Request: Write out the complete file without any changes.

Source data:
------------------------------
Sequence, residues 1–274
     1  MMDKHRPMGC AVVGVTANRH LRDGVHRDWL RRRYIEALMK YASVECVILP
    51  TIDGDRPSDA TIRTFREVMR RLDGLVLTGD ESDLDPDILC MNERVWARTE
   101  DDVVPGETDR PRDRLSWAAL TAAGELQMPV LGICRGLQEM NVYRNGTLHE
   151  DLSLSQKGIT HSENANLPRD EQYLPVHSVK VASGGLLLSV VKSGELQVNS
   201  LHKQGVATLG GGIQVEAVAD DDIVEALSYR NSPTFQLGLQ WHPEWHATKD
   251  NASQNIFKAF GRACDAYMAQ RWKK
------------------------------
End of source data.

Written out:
Sequence, residues 1–274
     1  MMDKHRPMGC AVVGVTANRH LRDGVHRDWL RRRYIEALMK YASVECVILP
    51  TIDGDRPSDA TIRTFREVMR RLDGLVLTGD ESDLDPDILC MNERVWARTE
   101  DDVVPGETDR PRDRLSWAAL TAAGELQMPV LGICRGLQEM NVYRNGTLHE
   151  DLSLSQKGIT HSENANLPRD EQYLPVHSVK VASGGLLLSV VKSGELQVNS
   201  LHKQGVATLG GGIQVEAVAD DDIVEALSYR NSPTFQLGLQ WHPEWHATKD
   251  NASQNIFKAF GRACDAYMAQ RWKK